The movie starts off with the motif of “captivity” at all levels. Parishioners are imprisoned by their blindness and rigidity. Rev. Shannon imprisoned by his own volcanic desires and disillusionment with his parish. And a wild iguana is forced to live a captive life, tethered to a wooden deck by the tight rope around its neck.
When that “night of the iguana” is over, they are all freed from their leashes and fears and limitations, including the iguana. That’s the kind of life-altering night Tennessee Williams has brought to life for us. It is still jolting and liberating 42 years after the movie was released.
The story, at a “realistic” level (one of the two levels of existence brought up in the film), is not complicated at all. It is at the other and “fantastic” level that its time-release magic slowly unfolds like an intoxicating rose.
Rev. Shannon loses his job after accusing his parishioners with insincerity and shallowness and chasing them out of his church.
A few years later we see him as a tour guide down in Puerta Vallarta, Mexico, taking a group of elderly ladies on a sightseeing tour, to show them the “wonders of God” as explained by a “man of God.” However, he certainly is not fond of the open advances of one of the tour participants, the 17 year old Charlotte Goodall. That’s after all how he got into trouble back home when another young amorous parishioner visited him at his church office. Although the Reverend first suggested they pray together by kneeling down, it soon led to other things that ended his church career.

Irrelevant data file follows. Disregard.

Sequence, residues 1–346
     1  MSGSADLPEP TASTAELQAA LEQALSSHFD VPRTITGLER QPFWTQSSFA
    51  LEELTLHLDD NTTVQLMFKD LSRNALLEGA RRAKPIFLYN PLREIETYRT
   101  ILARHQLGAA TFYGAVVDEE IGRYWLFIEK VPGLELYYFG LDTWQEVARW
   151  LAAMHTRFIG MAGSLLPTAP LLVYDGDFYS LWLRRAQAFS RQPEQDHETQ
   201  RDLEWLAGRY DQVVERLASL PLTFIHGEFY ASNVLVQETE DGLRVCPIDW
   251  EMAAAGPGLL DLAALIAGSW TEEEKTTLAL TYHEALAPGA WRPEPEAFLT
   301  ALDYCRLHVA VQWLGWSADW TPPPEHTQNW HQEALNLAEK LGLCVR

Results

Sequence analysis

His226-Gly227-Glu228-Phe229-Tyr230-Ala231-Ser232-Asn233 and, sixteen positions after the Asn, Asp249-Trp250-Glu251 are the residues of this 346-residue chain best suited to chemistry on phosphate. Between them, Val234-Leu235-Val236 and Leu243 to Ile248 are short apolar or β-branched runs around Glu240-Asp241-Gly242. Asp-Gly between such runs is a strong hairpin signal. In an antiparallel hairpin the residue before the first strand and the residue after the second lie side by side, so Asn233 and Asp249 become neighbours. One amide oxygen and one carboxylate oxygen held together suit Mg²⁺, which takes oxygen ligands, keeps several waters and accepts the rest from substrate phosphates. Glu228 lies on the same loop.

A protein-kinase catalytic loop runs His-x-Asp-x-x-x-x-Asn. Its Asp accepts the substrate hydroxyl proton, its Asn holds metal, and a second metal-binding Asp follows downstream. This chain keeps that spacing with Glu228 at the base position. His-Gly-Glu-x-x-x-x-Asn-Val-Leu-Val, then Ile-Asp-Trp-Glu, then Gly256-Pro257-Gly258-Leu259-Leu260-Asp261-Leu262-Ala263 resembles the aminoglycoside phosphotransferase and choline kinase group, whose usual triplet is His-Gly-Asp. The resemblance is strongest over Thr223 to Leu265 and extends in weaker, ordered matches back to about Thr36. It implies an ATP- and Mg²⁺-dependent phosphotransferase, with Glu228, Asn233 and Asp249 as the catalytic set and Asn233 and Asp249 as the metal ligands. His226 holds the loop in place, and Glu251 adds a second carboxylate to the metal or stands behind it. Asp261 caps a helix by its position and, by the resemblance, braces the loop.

The Reverend Shannon does whatever her can to keep Charlotte at an arms distance but she is the spoiled daughter of a very successful and rich man and she won’t take no for an answer. As she pushes herself on the alcoholic Shannon, her secret admirer and tour leader Judith Fellowes (played like a hot knife through butter by Grayson Hall) throws a jealous fit and makes life sheer misery for the vulnerable Shannon.